How to Protect Your Business from WannaCry and Other Ransomware Attacks

Posted by Kevin Davis - May 22, 2017 - IT Security, security

Stressed businessman.jpegDoes the WannaCry ransomware attack make you wanna cry? By now you have probably heard about the WannaCry ransomware attack hitting businesses around the world. According to the BBC, "The WannaCry cyber-attack infected more than 200,000 computers in 150 countries, affecting government, healthcare and private company systems." So how do you protect your business from WannaCry and prevent losing all of your company data?

Before we delve into how to protect your business, it's important to understand the definition of ransomware. Ransomware is a type of malicious software that is designed to block access, or threaten to publish, your personal or company data unless you pay a sum of money. Typically hackers ask for BitCoin as the exchange currency for ransomware. 

Now that we understand ransomware, here are five steps you can take to protect your business from WannaCry and similar ransomware attacks:

1. Backup Company Data

We cannot stress enough how important it is to maintain regular backups of your data. Your intellectual property, customer records, financial information and in some cases Patient Health Information (PHI), are easy targets for hackers and important enough to hold your network ransom. Be sure to observe the "3-2-1 Rule" and make sure that three copies of your data exist. Do this on two different media with at least one copy maintained off-site.

2. Educate Your Employees 

In 2017, every computer end user should be educated on standard cyber security best practices. Your employees are your greatest IT security vulnerability. Begin by offering regular IT security training and establishing computer policies to prevent employees from creating gateways for hackers. You may also consider running annual phishing tests to gauge whether your employees are following IT security training protocols.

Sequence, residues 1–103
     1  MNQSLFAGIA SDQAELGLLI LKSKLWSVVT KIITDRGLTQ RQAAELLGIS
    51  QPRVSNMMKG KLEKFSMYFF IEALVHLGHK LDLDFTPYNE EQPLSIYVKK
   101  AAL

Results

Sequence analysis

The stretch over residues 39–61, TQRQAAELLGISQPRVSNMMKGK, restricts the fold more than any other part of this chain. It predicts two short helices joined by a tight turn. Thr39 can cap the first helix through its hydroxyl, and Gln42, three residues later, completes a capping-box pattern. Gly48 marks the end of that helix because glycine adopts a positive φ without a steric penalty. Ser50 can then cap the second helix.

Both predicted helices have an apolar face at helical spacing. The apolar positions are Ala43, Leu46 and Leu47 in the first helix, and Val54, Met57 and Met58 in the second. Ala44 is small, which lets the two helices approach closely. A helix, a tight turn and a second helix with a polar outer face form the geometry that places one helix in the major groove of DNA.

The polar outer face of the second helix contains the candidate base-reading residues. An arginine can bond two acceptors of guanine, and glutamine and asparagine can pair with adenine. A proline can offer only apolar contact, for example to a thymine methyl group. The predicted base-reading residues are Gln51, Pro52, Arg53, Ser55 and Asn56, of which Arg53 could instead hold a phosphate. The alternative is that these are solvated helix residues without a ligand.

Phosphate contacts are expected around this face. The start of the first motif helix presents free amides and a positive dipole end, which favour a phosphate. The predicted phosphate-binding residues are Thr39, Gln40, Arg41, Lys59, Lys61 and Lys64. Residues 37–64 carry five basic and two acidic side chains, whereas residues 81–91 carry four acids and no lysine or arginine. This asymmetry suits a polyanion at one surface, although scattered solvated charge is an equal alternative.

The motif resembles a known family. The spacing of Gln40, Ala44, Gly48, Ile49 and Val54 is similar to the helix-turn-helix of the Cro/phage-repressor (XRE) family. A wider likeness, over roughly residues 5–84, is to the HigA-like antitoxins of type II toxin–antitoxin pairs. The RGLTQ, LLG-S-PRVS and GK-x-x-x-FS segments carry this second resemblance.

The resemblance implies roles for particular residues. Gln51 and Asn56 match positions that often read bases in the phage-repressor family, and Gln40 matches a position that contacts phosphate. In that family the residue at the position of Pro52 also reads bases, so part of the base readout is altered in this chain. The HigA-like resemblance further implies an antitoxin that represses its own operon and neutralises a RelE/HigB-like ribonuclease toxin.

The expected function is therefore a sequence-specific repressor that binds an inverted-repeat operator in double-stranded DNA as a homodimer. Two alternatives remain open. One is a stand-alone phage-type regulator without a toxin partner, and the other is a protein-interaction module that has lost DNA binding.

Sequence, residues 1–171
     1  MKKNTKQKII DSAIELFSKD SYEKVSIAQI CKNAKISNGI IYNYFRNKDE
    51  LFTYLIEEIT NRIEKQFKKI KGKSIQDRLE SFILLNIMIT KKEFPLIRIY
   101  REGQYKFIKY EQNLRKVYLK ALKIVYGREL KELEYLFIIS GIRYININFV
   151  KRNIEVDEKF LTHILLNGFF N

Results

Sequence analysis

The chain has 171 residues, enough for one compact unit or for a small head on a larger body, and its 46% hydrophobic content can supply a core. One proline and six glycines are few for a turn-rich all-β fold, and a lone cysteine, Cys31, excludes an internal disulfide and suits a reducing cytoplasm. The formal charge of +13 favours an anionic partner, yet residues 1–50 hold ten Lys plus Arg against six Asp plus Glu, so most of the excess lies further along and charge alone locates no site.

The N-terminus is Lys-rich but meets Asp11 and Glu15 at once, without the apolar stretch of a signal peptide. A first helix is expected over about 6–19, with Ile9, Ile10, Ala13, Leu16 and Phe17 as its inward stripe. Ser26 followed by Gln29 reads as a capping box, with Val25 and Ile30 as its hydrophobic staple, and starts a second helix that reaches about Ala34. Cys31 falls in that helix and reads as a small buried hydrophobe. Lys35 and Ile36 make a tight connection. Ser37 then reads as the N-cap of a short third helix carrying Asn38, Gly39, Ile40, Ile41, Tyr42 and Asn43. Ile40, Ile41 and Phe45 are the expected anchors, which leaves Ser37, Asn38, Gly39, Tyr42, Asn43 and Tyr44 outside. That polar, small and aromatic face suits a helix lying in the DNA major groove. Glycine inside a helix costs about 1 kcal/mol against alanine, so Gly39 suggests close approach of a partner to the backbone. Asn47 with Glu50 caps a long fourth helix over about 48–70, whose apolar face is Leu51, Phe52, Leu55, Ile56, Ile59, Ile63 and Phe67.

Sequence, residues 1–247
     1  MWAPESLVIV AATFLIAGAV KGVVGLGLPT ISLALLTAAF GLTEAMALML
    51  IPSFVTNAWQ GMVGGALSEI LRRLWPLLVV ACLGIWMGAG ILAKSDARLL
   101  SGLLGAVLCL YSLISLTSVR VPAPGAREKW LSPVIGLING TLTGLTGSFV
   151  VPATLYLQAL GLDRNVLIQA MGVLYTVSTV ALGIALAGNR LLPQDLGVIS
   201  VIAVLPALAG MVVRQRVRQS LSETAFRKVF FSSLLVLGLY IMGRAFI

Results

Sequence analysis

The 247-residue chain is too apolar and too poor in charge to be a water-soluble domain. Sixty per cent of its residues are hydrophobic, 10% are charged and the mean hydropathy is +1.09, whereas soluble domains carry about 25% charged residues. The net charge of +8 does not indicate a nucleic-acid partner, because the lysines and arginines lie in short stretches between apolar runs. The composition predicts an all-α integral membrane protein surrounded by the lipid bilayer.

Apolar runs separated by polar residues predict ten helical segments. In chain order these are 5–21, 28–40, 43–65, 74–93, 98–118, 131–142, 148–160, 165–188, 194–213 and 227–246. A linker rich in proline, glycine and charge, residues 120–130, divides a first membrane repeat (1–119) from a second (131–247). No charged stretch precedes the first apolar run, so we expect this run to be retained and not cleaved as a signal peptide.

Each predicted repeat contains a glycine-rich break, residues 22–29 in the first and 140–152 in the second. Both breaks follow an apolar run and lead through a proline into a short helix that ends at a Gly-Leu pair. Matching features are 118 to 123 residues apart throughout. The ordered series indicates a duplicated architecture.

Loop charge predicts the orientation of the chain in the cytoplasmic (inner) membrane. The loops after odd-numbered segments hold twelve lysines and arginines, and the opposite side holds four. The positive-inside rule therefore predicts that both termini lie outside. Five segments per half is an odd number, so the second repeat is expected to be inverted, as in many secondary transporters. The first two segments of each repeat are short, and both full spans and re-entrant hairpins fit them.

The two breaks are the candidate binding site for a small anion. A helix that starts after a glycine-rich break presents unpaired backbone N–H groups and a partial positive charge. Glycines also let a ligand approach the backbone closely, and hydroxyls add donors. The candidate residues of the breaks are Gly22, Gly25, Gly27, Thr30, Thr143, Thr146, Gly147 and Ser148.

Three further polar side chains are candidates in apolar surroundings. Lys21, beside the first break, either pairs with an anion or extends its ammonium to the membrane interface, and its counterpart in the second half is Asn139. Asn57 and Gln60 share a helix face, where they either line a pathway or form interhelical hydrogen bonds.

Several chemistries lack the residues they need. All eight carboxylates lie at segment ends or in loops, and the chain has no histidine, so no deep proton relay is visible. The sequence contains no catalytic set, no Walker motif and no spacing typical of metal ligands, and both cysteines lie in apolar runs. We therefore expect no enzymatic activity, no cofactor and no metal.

3. Use a VPN for Remote Access

Today's employees are working remotely. On a given day you may have someone working out of an airport, coffee shop or home network. Your IT department doesn't have control over public wifi hotspots or nearby intruders. Protect your network data by maintaining Virtual Private Network (VPN) access for your staff. You can do this by selecting a VPN client. A VPN client allows your employees to access your network securely by entering secure login credentials. The VPN client then has to validate the connection with trusted keys before your staff can gain network access. You will also want to be sure to select a quality VPN client. Free or low cost VPN providers may not offer the level of protection your company needs to mitigate hackers. 

4. Run Regular Network Health Reports & Scanning 

Just like your physical health, the health of your network requires routine check-ups and monitoring. The first step in maintaining a healthy network is to be sure all of your applications are up to date and your system is properly patched. If you're using Microsoft, consider following the regular Microsoft security bulletins to keep your system current. You can view these bulletins at: https://technet.microsoft.com/en-us/security/bulletins.

For Apple users visit https://support.apple.com/en-us/HT201222 to view regular security updates.

In addition to monitoring security updates, you may also consider running regular network scans to determine any gaps in your system that may need remediation. If your IT department is not equipped with the tools to create a network health report, then a qualified MSP can complete this process for your business. 

5. Patch Management 

We mentioned patching in the section above; however, It's vital that patching be listed on its own. Patch management is an organizational exercise for a business as systems regularly need vulnerabilities reviewed and patches installed. We recommend asking your IT department to create a quality patch management process for your business, with controls in place for employee turnover, patch research, deployment and testing. You may also consider implementing asset management and a proper communications protocol. 

For more information on the WannaCry ransomware attack visit: https://www.dhs.gov/news/2017/05/12/dhs-statement-ongoing-ransomware-attacksTo get your business ready for the inevitable contact SymQuest today to request an assessment of your network. 

network assessment for business

 

about the author

Kevin Davis

Kevin Davis is currently the Vice President of Service and Support for SymQuest, and is based in the South Burlington, VT and West Lebanon, NH office locations. Davis is responsible for the network and client support teams at SymQuest. Davis started with SymQuest in April of 2007 as an Incident Response Engineer. His love for customer service and technology quickly led him through various engineering positions where his passion for process improvement and motivating team members advanced him to management positions with increasing responsibilities leading to his present role as Vice President of Service and Support. Kevin holds many industry IT certifications and was a member of True Profits Group.

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